When you make a contribution to a charity or an Institution of a Public Character (IPC), you might qualify for a tax deduction when you meet certain qualifying conditions. So what are the various types of donations you can make? What exactly is a registered charity? Do all donations come under the tax- deductible category? Find answers to these questions you have and more with the help of this comprehensive article.
This donation is applicable only to individual donors. With this donation option, you can either donate public shares that are listed on SGX (Singapore Exchange) or units (via unit trusts) which are part of trading in Singapore as gifts to authorised IPCs.
An approved Institution of a Public Character (IPC) will evaluate the worth of the shares/units you have donated. The share value will be determined depending on the price of similar kind of units or shares in the open market, during the final transaction of such units/shares on the donation date.
According to this donation scheme, you’ll not be able to donate shares or units which either have a limitation or a holding period. The donation date will be the date on which the legal rights (of donated units and shares) are transferred to an approved Institution of a Public Character (IPC).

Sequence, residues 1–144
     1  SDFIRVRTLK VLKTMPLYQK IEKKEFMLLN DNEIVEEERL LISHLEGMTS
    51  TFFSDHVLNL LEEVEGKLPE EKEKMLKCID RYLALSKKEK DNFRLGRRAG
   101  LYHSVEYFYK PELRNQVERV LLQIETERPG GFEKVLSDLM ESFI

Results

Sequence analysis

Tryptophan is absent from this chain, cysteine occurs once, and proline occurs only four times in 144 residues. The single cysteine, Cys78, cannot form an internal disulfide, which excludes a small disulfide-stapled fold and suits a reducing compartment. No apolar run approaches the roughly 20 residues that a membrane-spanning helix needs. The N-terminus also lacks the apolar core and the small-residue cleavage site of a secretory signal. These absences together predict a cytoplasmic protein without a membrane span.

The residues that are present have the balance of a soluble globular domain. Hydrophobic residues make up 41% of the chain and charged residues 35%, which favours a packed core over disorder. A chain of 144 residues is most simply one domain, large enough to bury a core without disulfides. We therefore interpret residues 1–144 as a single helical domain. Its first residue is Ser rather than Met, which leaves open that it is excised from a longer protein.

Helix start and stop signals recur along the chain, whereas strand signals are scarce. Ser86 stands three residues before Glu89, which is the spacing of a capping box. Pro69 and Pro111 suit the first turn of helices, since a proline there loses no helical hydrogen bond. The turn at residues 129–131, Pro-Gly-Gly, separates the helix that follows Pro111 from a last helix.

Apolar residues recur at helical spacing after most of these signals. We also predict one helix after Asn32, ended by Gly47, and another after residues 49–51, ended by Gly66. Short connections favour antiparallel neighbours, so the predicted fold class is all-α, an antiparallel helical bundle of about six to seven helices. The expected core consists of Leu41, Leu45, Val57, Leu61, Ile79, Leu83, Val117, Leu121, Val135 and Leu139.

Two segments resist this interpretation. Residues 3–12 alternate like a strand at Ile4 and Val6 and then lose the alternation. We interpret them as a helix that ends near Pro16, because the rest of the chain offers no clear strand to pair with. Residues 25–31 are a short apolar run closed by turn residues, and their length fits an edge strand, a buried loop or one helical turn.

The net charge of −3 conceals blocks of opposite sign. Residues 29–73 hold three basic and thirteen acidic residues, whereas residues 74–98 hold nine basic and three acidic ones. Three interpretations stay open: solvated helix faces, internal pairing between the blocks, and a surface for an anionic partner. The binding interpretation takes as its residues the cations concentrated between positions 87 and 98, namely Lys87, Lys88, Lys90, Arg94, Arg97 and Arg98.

A cash donation which is made either to an approved IPC or to the Singapore government with an intention to help the local community will be considered as a tax-deductible donation. Nevertheless, if you make a donation to a charity which does not have the IPC approved status, it will not be considered as tax-deductible. Cash donations are applicable to individual as well as corporate donors.
A cash donation will be considered as tax-deductible only when it doesn’t offer any material benefit to the concerned donor. But, as an exception, specific donations which were made on/post 1 May 2006 to approved IPCs will be regarded as pure donations even though a donor received a benefit for a donation he or she made. In order to be eligible for the concessionary tax treatment, donations which earn benefits in return will be considered as pure donations provided the benefits have no commercial value tagged to them.
Benefits are considered to have no value of commercial nature if: